A number of approaches for borrowing from external data that dynamically discount the amount of information transferred from external data based on the discrepancy between the external and current data have been proposed. The robust mixture prior (Schmidli et al, 2014) is a popular method that is a weighted mixture of an informative prior incorporating external information and a more dispersed prior to address potential prior-data conflict and robustify the analysis. As an alternative, the power prior approach discounts external data in the informative prior by raising its likelihood by a weight parameter. An Empirical Bayes approach for the estimation of the weight parameter from the similarity of external and current data has been proposed by Gravestock et al. (2017). The compromise decision approach (Calderazzo et al. 2024) relates the amount of borrowing to the type I error rate inflation one is willing to tolerate.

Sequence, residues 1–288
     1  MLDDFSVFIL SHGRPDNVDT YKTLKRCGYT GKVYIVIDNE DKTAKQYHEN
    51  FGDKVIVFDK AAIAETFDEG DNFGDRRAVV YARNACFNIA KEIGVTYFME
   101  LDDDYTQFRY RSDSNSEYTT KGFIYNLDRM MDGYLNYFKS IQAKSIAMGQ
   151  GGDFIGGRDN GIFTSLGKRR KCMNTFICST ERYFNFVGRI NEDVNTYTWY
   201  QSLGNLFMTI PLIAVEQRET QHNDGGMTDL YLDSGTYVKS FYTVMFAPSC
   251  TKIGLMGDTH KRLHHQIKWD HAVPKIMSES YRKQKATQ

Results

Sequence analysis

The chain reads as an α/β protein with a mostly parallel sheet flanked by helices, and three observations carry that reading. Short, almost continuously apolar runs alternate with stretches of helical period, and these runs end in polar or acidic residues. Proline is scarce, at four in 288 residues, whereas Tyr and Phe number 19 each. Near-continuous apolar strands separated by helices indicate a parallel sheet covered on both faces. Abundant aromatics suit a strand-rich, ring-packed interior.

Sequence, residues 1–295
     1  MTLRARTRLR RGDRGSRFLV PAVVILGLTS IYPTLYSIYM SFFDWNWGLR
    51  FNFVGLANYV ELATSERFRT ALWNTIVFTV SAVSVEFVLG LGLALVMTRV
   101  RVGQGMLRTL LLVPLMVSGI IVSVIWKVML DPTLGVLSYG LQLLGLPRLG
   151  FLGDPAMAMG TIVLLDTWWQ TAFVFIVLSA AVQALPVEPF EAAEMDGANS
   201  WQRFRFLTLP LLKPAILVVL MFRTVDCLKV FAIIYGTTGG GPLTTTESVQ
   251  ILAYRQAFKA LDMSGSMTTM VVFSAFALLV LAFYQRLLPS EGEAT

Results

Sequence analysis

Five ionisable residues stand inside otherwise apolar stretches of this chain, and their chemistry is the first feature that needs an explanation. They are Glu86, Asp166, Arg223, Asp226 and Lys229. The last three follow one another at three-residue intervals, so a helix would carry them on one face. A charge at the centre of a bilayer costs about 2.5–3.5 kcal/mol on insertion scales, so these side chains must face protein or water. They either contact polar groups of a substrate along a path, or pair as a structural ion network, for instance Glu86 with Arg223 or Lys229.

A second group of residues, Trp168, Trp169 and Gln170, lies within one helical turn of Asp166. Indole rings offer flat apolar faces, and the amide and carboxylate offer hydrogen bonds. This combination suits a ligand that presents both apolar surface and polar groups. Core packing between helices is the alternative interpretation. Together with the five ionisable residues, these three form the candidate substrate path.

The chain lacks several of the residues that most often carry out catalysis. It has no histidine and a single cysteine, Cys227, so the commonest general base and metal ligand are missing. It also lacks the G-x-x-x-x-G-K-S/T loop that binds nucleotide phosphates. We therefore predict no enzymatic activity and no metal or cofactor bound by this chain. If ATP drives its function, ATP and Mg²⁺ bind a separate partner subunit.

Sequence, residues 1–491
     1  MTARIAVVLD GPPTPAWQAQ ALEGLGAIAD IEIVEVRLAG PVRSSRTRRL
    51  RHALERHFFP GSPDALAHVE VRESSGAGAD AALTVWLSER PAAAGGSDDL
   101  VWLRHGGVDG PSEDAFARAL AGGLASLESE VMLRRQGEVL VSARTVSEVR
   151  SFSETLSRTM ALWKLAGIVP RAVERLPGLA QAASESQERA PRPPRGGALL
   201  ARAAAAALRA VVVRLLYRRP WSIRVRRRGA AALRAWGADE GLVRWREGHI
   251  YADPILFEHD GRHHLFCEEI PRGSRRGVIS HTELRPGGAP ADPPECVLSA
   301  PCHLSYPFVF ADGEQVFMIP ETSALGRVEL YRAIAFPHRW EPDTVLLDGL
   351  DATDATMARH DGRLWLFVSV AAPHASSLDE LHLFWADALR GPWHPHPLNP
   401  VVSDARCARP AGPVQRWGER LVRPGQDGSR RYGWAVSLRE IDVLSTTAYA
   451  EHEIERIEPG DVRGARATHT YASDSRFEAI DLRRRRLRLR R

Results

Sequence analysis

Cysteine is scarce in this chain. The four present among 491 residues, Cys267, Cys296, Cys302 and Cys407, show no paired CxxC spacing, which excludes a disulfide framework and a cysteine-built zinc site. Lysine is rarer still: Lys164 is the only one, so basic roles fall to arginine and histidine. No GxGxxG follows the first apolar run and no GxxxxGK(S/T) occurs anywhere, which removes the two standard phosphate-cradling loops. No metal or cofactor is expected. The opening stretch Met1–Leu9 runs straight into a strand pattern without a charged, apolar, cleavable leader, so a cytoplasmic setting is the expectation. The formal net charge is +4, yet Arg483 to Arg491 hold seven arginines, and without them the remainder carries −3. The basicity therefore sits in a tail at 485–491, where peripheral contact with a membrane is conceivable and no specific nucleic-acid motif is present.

We will discuss the frequentist operating characteristics (FOC) of trials using these adaptive borrowing approaches, evaluating, e.g., type I error rate and power. Use of the robust mixture prior requires the selection of the mixture weight, the mean and the variance of the robust component and we will discuss the impact of the selection on FOC. The concept of prior effective sample size facilitates quantification and communication of prior information by equating it to a sample size. When prior information arises from historical observations, the traditional approach identifies the ESS with a historical sample size, a measure that is independent of the current observed data, and thus does not capture an actual loss of information induced by the prior in case of prior-data conflict. The effective current sample size of a prior (Wiesenfarth and Calderazzo 2020) is introduced which relates prior impact to the number of (virtual) samples from the current data model. All aspects that will be discussed show that in the frequentist perspective, borrowing cannot be beneficial for any possible true parameter value (Kopp-Schneider et al. 2020). However, benefits can be obtained if prior information is reliable and consistent.